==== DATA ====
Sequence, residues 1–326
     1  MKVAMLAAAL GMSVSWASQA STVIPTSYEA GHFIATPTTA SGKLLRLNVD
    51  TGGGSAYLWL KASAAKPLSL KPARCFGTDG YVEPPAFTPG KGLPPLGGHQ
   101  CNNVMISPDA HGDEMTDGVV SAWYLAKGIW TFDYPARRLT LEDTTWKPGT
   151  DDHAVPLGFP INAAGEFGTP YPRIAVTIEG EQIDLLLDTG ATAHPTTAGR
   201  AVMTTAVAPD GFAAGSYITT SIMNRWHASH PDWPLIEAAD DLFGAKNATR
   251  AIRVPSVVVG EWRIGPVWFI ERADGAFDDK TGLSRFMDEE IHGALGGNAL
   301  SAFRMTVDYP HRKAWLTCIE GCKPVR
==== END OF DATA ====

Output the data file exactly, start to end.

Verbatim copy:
Sequence, residues 1–326
     1  MKVAMLAAAL GMSVSWASQA STVIPTSYEA GHFIATPTTA SGKLLRLNVD
    51  TGGGSAYLWL KASAAKPLSL KPARCFGTDG YVEPPAFTPG KGLPPLGGHQ
   101  CNNVMISPDA HGDEMTDGVV SAWYLAKGIW TFDYPARRLT LEDTTWKPGT
   151  DDHAVPLGFP INAAGEFGTP YPRIAVTIEG EQIDLLLDTG ATAHPTTAGR
   201  AVMTTAVAPD GFAAGSYITT SIMNRWHASH PDWPLIEAAD DLFGAKNATR
   251  AIRVPSVVVG EWRIGPVWFI ERADGAFDDK TGLSRFMDEE IHGALGGNAL
   301  SAFRMTVDYP HRKAWLTCIE GCKPVR